I am grateful to have a 20,000-acre National Monument as my backyard. I live just outside the east entrance to the Colorado National Monument. I see it when I look out my window or drive into my driveway.
It’s a major part of the reason I’ve stayed so long in the desert southwest. It’s part of the reason I love and respect and promote public lands on the Colorado Plateau.
I’ve enjoyed these canyons for more than four decades and I know they don’t belong just to me. They belong to all of us.
I’ve marveled at them, meditated in them, gained strength and savored solitude in them. I’ve been eaten alive by gnats in them, been drenched by glaring, hot sun in them, been frozen to the bone from their frigid, wind-driven winter storms.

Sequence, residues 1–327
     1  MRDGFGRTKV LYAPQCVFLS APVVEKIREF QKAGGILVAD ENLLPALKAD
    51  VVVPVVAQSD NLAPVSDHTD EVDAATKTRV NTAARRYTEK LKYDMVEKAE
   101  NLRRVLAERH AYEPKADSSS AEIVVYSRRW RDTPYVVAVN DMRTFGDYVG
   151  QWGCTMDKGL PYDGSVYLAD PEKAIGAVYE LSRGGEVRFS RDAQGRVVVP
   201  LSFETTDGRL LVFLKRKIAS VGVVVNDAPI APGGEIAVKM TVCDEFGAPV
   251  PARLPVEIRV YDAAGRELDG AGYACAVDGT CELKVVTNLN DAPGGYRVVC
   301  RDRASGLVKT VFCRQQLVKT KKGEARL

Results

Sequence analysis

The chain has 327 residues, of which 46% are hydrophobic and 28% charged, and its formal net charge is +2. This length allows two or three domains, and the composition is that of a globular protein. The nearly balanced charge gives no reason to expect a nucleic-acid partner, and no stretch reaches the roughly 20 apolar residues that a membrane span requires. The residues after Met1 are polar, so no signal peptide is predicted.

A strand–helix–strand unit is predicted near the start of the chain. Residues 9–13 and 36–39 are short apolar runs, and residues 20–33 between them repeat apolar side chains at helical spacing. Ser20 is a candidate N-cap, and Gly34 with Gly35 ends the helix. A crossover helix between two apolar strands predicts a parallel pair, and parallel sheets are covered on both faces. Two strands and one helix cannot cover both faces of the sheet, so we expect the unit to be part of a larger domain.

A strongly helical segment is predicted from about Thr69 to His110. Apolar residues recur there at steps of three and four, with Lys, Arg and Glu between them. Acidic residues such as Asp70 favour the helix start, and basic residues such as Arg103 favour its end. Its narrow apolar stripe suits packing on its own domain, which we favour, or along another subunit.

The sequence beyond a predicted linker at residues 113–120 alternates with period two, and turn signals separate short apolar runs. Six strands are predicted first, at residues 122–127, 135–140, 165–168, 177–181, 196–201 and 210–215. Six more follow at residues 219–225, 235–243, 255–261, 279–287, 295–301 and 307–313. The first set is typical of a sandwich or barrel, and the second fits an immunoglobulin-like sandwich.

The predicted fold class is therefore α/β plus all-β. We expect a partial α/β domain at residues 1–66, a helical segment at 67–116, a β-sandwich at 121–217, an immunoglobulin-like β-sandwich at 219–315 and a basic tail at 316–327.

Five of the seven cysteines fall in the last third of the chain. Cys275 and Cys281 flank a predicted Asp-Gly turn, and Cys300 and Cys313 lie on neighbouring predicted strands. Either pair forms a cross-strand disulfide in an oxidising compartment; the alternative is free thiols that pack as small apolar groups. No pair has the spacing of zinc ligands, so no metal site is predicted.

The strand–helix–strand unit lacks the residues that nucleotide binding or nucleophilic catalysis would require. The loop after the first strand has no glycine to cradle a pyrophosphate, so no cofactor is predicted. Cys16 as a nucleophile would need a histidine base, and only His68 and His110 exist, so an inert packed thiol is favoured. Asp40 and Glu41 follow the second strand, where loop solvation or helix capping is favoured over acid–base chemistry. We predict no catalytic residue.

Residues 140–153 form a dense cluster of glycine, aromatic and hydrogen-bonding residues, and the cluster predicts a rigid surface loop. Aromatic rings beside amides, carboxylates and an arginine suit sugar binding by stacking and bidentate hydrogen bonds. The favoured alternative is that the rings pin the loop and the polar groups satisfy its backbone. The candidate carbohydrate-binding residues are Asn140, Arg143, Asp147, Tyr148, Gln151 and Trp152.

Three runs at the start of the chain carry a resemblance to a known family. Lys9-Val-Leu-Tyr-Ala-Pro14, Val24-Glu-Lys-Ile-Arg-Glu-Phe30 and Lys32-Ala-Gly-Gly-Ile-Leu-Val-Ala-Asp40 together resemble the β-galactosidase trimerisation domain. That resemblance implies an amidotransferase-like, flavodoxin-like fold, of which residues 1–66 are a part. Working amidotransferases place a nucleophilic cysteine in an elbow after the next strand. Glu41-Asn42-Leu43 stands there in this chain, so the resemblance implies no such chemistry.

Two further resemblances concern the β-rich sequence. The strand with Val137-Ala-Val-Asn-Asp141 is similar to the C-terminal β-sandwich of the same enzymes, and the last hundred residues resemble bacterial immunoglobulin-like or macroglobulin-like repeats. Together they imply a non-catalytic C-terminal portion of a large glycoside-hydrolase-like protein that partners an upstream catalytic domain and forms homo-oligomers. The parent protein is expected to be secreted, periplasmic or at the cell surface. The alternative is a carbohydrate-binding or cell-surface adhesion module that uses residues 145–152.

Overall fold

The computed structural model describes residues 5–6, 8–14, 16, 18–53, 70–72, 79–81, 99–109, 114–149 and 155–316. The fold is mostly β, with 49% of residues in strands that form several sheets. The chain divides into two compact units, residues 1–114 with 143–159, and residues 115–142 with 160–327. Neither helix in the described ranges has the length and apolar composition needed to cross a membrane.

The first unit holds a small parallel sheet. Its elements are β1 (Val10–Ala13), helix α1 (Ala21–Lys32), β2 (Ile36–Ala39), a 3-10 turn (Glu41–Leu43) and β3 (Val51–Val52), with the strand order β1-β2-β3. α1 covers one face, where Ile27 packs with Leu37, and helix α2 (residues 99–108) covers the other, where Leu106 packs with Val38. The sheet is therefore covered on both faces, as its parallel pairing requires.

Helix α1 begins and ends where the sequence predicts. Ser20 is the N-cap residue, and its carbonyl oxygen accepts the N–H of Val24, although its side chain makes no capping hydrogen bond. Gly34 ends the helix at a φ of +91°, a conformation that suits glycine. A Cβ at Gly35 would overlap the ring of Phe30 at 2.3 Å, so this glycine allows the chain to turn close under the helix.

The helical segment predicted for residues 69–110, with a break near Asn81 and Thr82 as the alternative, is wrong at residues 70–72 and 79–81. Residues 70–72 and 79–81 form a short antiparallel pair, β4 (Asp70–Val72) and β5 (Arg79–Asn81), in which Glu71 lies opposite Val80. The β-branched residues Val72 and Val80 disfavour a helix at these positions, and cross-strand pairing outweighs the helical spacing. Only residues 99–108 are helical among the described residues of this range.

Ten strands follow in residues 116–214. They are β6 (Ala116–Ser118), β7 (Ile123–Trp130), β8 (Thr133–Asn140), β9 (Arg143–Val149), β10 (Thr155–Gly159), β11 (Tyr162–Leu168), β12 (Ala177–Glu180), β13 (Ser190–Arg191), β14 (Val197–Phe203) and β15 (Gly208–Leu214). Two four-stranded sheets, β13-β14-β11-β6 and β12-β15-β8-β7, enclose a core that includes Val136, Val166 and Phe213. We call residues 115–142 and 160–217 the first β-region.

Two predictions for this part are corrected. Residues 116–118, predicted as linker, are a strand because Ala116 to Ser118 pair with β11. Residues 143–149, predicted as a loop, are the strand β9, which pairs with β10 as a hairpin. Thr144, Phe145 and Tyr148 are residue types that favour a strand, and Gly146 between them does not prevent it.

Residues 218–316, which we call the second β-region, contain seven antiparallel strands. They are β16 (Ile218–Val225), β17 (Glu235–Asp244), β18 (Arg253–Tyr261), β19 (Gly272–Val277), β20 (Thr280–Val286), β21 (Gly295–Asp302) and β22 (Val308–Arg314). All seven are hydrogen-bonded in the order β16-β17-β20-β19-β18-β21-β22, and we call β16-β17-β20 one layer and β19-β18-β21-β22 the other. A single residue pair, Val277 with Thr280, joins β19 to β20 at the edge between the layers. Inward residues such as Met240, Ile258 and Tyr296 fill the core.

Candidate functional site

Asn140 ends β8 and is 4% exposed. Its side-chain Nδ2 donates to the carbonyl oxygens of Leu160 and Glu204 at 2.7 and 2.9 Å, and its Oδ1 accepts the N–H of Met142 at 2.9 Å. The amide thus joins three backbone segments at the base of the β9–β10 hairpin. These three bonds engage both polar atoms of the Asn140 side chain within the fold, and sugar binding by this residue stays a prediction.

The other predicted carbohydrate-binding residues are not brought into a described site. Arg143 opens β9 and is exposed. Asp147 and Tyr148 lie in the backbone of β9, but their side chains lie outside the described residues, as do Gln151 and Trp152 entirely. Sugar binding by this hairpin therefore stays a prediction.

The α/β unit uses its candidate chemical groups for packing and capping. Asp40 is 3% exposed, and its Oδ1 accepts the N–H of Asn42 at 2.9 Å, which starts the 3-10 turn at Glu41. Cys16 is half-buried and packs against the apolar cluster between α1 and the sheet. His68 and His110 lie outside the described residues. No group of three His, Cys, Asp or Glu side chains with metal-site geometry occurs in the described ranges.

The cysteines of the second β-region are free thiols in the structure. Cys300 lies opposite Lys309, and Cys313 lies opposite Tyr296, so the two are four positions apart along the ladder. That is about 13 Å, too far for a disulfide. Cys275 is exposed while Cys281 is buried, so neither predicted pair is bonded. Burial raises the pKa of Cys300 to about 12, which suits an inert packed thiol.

And I’ve enjoyed them even more.
I’ve hiked with biologists, geologists, rangers, ranchers, students and tourists through these marvelous sheer-walled red rock canyons. Our collective senses have been overwhelmed, just as John Otto’s senses were overwhelmed when he first came here in 1906.
“Some folks think I’m crazy,” Otto wrote at the time, “but I want to see this scenery opened up to all people.”
Otto single-handedly built many of these trails, raised money, penned newspaper editorials, badgered Chambers of Commerce and wrote endless letters to Washington politicians in support of national recognition for these ancient canyons and towering monoliths. He eventually became its first caretaker when President William Howard Taft declared this a National Monument in 1911.